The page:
Otorrhoea is the discharge of material from the external auditory meatus. It is both a symptom and a sign. It is not a diagnosis. Otorrhoea may arise from a source in the external ear canal, middle ear cleft, mastoid air cells or intra-cranial cavity.
Otitis externa and active chronic otitis media are the commonest conditions causing otorrhoea. Malignancy is uncommon. The discharge may contain wax, squamous debris, blood (acute otitis media, trauma, neoplasm) and cerebrospinal fluid (CSF), which usually follows a petrous temporal bone fracture.
68.3 Clinical Features
The character of the discharge depends on, and gives clues to, its source.
1. External ear The cardinal symptoms of otitis externa are itch, pain and discharge. There are no mucinous glands in the external canal. Acute inflammatory conditions of the external meatus therefore tend to produce a watery, serous exudate or transudate. In addition, they tend to provoke a hyperkeratosis. This combination leads to soggy white debris collecting in the canal and a thin white, cloudy discharge from the ear. The external canal may also be the subject of trauma, or the site of a furuncle, either of which may lead to bleeding from the ear. A waxy ear discharge is common in children with a pyrexia because of the raised external ear canal temperature creating a more liquefied wax.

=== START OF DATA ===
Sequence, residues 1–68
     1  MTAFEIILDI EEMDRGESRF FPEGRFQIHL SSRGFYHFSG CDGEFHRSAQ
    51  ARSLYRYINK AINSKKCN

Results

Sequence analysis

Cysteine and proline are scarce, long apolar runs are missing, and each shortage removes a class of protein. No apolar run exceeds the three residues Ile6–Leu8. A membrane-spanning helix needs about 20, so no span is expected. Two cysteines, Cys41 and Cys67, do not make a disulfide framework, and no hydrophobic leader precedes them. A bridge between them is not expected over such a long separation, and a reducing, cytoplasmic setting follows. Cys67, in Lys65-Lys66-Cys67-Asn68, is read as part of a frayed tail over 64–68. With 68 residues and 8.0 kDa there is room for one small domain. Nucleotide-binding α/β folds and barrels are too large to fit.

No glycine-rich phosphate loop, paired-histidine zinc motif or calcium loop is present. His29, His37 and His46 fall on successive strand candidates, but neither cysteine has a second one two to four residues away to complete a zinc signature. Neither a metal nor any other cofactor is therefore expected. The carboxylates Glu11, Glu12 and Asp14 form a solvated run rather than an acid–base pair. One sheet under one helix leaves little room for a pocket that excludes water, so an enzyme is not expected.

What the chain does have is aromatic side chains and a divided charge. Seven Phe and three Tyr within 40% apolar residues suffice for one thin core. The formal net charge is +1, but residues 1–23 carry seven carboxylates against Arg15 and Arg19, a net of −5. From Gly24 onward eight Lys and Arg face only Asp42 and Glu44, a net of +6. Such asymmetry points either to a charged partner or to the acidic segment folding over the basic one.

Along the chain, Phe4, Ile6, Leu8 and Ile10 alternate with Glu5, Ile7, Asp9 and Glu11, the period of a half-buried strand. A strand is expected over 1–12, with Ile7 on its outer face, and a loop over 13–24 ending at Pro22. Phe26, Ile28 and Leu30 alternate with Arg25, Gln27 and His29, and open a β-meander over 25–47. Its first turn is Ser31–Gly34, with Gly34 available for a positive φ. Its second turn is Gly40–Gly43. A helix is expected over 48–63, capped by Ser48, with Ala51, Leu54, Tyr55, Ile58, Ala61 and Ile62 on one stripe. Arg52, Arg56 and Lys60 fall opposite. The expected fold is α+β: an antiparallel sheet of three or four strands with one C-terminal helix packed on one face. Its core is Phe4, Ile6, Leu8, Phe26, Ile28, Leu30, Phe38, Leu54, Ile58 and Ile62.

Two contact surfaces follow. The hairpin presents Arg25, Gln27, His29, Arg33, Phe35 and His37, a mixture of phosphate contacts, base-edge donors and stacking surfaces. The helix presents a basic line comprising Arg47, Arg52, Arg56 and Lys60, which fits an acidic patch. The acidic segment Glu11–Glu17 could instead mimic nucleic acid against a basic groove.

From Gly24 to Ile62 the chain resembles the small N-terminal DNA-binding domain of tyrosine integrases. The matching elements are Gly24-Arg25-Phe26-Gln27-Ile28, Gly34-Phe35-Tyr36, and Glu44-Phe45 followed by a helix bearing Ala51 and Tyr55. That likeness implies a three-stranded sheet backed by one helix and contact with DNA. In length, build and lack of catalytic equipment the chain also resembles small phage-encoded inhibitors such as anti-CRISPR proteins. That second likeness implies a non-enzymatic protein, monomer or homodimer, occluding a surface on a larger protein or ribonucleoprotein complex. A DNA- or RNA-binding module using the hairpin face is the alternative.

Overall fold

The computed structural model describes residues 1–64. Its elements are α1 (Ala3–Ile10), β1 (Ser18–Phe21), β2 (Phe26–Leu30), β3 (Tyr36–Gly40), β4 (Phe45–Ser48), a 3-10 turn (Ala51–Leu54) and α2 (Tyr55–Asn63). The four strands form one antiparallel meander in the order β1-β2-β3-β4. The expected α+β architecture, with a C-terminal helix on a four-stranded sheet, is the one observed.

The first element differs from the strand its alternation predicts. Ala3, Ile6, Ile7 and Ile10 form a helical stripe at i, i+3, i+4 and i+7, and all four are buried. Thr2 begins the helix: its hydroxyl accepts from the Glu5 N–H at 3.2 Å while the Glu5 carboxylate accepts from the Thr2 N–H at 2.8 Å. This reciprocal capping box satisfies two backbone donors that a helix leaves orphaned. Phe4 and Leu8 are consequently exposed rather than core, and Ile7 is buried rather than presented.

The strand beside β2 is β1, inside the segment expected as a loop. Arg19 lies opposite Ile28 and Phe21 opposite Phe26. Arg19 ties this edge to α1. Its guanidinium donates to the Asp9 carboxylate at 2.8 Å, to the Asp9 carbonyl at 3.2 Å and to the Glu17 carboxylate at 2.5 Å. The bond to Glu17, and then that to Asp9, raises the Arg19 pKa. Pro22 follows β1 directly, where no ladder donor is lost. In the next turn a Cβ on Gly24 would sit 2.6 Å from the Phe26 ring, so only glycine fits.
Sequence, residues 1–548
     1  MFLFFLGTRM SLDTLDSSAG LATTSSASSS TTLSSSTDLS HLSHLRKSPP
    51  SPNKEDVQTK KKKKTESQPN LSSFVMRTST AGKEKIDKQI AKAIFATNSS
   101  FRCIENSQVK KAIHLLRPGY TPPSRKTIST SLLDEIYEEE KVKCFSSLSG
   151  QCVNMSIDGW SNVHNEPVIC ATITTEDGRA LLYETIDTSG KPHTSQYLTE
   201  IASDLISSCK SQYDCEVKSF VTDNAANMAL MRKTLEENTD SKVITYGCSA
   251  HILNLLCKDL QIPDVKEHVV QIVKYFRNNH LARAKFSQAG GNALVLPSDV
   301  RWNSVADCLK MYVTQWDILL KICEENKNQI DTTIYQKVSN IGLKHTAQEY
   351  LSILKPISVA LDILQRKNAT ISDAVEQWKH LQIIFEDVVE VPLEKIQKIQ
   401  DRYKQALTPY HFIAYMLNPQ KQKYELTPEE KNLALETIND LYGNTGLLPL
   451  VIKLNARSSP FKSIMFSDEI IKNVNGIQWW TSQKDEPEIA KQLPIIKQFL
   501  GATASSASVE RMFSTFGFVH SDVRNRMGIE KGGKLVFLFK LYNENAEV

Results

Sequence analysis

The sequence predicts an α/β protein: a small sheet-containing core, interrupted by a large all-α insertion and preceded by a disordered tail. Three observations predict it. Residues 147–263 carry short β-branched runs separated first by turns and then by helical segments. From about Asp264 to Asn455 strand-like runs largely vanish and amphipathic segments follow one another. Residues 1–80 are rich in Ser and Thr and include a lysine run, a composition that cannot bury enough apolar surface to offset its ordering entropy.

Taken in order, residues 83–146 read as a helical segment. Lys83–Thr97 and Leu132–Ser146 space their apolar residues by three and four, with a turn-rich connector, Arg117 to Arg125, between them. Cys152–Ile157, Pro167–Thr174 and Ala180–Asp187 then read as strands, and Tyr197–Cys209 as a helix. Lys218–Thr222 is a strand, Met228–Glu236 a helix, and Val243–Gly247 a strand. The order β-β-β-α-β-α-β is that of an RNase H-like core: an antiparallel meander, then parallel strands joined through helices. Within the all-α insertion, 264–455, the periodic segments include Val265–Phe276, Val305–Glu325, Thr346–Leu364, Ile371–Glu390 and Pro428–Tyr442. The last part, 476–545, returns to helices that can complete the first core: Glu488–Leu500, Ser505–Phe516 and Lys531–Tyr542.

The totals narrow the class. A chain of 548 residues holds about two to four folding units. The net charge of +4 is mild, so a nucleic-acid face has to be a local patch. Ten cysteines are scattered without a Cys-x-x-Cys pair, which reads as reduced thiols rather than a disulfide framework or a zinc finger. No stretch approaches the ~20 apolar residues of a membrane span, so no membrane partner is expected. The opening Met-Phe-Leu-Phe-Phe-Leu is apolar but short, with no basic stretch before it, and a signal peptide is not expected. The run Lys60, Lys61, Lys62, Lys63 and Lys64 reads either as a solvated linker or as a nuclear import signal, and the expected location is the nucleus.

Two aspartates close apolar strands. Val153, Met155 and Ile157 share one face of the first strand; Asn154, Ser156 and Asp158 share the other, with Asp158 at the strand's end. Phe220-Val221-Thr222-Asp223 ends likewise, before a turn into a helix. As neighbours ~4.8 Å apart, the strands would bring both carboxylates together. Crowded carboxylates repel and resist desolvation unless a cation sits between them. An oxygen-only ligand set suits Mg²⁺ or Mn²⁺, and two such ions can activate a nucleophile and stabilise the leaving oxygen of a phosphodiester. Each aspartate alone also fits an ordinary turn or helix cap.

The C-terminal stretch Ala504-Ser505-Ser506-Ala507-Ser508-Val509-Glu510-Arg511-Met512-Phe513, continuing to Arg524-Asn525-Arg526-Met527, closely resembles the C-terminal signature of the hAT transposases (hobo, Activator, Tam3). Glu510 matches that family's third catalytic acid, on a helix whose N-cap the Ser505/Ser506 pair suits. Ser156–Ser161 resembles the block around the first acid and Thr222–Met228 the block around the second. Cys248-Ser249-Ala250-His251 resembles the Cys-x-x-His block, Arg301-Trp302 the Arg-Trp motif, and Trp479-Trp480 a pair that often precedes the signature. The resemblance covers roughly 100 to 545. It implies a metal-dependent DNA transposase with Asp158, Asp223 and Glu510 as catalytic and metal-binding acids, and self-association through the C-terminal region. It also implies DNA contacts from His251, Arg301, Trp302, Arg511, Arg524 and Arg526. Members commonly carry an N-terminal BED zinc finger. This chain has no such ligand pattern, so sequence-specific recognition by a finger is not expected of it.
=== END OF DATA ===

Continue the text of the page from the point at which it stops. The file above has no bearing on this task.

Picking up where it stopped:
2. Middle ear The middle ear cleft is lined by mucosa. Mucosa is, by definition, a lining of one or more layers of non-keratinising squamous epithelium which produces mucous from mucous glands contained within. Thus, if there is a mucoid component to the discharge, it usually arises from the middle ear via a perforation of the tympanic membrane. Trapped keratin is offensive; if a cholesteatoma should become infected, the discharge tends to be particularly unpleasant and once smelt, it is never forgotten. A serosanguineous discharge is common with chronic otitis media should the middle ear mucosa has become granular and polypoid. A sanguineous (meaning blood-stained) discharge is also a feature of carcinoma of the middle or external ear. Chronic otitis media is not typically characterised by pain. Therefore, in patients who have chronic otorrhoea with otalgia that fails to respond to the usual conservative measures, it is wise to consider either bone infection from a localised osteitis or a spreading skull base osteomyelitis (malignant otitis externa) or carcinoma.
3. Cerebrospinal fluid